What is a smart home?
Fridge, TV, car, or speaker can be smart now. But what does it mean if the technological advances come not for things but a place? In this article, you can read about what can make your home smart.
What does “smart” mean in smart things?
There is no single, widely agreed definition of what makes a thing smart in the technological sense. However, remind yourself, when did you hear that word first?
It seems that the first widely available smart devices were smartphones. The transition from “cell phones” to “smart phones” was rapid, and nowadays, no one really imagines non-smart phones.
But what has changed? The revolution was caused by a fusion of two aspects. The smartphones became compatible with thousands of independently made apps – though this has been possible before, using Java. At the same time, with the progress of mobile data access, smartphones could now use these apps with a constant internet connection.
This was when the cloud-based services started, like music streaming or e-magazine subscriptions. In short: smartphones brought the internet-connected computer experience into your pocket.
In analogy: a smart device is a piece of equipment that gains other features from being connected to the internet.
With the progress in electronic technology in all areas, now “smart” applies to the full range of devices: from body scales to cars. If you place some smart home devices, such as smart lights, smart speakers, or smart door locks, they may create a smart home.
Smart home vs Internet of Things
If not precisely about smart home, you may have heard about the Internet of Things, abbreviated IoT. It’s the term used to describe web-like connections between smart devices.
In the past, you had to get up from the couch to turn the lights off. If your devices are smart and create an IoT setup, the light could turn off automatically when you put the TV on. Of course, this requires smart lighting and a smart TV.
Rather than a particular installation, the Internet of Things is a way of synchronizing electronic equipment. This can apply to all settings, including factories, hospitals or airports, where multiple devices react to data, actions, and interactions.
What is a smart home?
A smart home can be as simple as one with a programmable thermostat that can be controlled remotely or as complex as integration with every appliance connected to a central system. In this type of smart home, every installation – lighting, heating, security, cameras etc. – is connected to the central hub. Google Nest Hub can serve as an example.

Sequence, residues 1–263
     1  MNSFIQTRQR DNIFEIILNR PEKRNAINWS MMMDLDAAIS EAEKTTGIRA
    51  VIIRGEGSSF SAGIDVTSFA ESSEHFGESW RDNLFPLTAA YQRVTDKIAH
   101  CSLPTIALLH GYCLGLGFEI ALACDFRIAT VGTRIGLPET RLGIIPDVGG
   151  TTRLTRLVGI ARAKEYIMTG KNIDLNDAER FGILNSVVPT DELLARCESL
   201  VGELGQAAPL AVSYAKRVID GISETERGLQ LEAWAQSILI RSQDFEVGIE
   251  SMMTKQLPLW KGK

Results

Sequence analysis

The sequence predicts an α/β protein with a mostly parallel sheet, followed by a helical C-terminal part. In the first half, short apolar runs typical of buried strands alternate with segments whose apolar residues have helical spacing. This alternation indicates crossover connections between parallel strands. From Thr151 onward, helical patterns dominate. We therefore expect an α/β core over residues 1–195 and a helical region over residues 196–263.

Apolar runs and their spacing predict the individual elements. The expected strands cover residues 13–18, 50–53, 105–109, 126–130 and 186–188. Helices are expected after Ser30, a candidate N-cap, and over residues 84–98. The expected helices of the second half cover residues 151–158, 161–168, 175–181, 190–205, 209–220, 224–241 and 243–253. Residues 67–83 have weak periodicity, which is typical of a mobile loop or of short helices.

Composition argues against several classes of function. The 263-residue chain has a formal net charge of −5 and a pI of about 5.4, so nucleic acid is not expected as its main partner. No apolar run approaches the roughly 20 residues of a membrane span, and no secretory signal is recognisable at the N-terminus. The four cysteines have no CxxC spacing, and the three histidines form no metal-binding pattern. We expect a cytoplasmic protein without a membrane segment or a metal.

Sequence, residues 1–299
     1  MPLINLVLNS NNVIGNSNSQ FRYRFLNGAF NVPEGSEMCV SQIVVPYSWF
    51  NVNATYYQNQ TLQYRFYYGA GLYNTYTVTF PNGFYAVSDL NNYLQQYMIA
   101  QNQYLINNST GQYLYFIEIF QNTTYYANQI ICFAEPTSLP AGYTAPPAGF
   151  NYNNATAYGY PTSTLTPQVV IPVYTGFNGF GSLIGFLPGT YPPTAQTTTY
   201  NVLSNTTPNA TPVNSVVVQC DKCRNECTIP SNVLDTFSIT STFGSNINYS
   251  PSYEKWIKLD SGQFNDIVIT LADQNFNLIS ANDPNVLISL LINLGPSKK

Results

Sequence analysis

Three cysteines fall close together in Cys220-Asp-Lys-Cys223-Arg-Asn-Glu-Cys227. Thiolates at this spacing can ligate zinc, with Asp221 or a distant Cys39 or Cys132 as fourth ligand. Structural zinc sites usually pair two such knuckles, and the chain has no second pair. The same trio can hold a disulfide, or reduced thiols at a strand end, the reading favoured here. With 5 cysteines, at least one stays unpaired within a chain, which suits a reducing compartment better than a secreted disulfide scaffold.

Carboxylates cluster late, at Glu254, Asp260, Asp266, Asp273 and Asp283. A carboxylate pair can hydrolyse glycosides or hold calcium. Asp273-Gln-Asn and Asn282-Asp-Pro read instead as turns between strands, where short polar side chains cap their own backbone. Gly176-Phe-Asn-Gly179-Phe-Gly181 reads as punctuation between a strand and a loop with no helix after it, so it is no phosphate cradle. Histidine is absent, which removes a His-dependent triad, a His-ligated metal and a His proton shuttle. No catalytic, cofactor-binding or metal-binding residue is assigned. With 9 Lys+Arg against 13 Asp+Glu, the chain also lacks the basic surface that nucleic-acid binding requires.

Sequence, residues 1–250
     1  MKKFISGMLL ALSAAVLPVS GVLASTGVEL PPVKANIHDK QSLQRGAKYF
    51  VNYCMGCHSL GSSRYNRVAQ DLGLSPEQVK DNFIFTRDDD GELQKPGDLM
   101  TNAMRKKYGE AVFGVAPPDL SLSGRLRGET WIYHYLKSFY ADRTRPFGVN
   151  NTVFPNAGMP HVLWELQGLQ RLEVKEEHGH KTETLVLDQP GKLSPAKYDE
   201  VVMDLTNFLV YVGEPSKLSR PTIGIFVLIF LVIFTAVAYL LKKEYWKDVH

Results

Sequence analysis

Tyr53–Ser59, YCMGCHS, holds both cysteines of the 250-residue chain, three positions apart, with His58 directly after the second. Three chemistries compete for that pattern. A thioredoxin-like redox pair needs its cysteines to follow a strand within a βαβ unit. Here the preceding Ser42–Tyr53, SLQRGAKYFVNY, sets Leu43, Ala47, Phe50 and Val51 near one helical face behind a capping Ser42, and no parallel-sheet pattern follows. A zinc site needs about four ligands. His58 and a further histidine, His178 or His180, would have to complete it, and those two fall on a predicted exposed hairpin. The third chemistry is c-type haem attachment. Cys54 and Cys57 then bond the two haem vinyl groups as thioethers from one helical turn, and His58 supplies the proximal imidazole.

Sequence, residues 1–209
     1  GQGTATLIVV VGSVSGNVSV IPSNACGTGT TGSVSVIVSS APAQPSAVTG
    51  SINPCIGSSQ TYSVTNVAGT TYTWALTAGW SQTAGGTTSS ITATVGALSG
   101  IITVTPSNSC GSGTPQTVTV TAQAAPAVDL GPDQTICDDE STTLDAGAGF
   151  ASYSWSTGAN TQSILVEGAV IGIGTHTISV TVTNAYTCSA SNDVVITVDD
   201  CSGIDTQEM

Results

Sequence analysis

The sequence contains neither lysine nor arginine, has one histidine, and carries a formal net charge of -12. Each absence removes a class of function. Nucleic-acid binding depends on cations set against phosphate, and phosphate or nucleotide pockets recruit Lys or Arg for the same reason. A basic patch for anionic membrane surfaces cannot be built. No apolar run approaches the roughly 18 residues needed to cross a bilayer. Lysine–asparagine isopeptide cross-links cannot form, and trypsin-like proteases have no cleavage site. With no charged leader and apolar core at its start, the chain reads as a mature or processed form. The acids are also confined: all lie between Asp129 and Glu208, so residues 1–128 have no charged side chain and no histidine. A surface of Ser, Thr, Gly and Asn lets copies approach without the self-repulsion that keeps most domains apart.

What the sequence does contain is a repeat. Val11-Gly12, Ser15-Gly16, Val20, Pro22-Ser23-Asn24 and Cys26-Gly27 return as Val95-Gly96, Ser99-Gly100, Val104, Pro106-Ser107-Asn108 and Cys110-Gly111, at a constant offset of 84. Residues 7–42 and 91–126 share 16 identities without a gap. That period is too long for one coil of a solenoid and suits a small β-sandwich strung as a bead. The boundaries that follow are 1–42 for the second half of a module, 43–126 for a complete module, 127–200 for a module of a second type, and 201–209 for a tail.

Such connection allows the homeowner to control all systems with one device, such as a smartphone, tablet or computer. Central management on the mobile device is where the IoT part comes in.
Smart homes use smart home systems: standardized operating systems that can manage multiple devices and automate their work.
Homes equipped with technology that allows them to be controlled remotely or with voice commands are becoming more and more common. Most people are finding that having a smart home allows them more control over their homes and saves them time and money.
Are there any types of smart homes?
Sure. You may divide the smart home industry into two types, depending on how the devices connect in an installation.
Some smart home systems, like Fibaro, Grenton, or Loxone, work on the dedicated, locally interconnected electronic installation. They can connect both wired and wireless solutions, including the latest gadgets. Their advantage is that these can work without internet access – but they can be expensive to start and difficult to configure.
On the other and of the spectrum, there are cloud-based smart home platforms, like Google Home, Homey, Amazon Alexa, or Apple HomeKit. When connected to the internet and using a central hub (such as smart speakers like Google Mini or Apple HomePod mini), they can work similarly to the locally-based systems. Central hubs are not expensive (or not always required), but your smart home devices would often need their own smart bridges, which drives their costs up. They may lose some features if the internet is down, but are usually very easy to configure and manage and allow for control with voice commands – for example, using Google Assistant.
Some smart home platforms, like Homey or Apple HomeKit, may not require a central hub or the devices’ separate hubs. These setups have very limited features, though.
On the other hand: these may be absolutely enough for you.
The simplest form of a smart home, which works great in straightforward setups, is offered just by smart devices connected to your mobile app and/or Wi-Fi. This enables extended controls and work modes, which may be just right if you do not look for automation or devices interacting.